The Police's work included:

  • providing advice and preparing policy proposals;
  • supporting the Minister of Police to move proposed legislation through Cabinet and parliamentary processes;
  • advising Parliament's Finance and Expenditure Committee during its examination of the proposed legislation; and
  • working with the Parliamentary Counsel Office to draft legislation.

The Police met with their counterparts from Australia to find out about the scheme that Australia implemented after the 1996 mass shooting at Port Arthur. Two people from Australia worked with the Police to help develop the scheme. The lessons from the Australian buy-back scheme included:

  • being clear about the scheme's objectives and purpose;
  • being clear about the scheme's scope (that is, what is and is not included);
  • the need for an extensive public education campaign, including nationwide advertising to support compliance;
  • having magazines in the scope of the buy-back scheme;
  • allowing people who did not have a licence, or who possessed firearms that were illegal before the scheme, to hand in firearms without prosecution (but also without compensation); and
  • the need to use information technology to support the scheme.

The Police had to do a significant amount of work in a tight time frame to set up the scheme. Six days after the Christchurch attacks, an Order in Council declared certain firearms to be military-style semi-automatics. The first reading in Parliament of the Arms (Prohibited Firearms, Magazines, and Parts) Amendment Bill was less than three weeks after the attacks. The second reading of the Bill was about a week after that. The resulting Arms (Prohibited Firearms, Magazines, and Parts) Amendment Act 2019 took effect on 12 April 2019.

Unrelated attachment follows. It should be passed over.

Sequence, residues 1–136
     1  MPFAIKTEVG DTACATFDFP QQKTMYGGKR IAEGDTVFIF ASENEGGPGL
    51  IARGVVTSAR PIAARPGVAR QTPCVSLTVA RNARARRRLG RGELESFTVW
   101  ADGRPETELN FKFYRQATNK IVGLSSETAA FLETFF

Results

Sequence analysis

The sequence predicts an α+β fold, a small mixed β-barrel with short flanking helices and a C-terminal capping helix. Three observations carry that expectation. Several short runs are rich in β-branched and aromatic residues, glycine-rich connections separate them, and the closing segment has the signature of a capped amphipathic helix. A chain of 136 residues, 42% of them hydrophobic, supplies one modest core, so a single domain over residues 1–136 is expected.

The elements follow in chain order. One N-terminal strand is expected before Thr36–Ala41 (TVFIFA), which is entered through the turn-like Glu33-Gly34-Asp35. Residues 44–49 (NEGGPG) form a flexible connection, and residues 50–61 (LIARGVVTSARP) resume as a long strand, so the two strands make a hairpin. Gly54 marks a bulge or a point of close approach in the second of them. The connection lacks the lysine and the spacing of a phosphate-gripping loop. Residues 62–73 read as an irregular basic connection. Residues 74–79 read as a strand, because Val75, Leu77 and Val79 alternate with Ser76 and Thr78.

There was good cross-agency collaboration. Staff from several government departments were brought in on secondment to develop policy advice and draft legislation. The work also included more than 90 staff from multiple agencies working for three days to analyse about 13,000 public submissions on the Bill. The Police and others worked effectively to meet the Government's expectations about timing.

The Police's planning of the scheme was thorough

The Police planned and set up the scheme well. They engaged consultants to develop a programme management plan. The programme management plan:

  • was robust and followed many aspects of good practice that we expect;
  • included operational and reporting requirements for each work stream;
  • clearly described roles, responsibilities, and lines of accountability; and
  • had a clear and concise methodology that met the short- and long-term objectives of the scheme.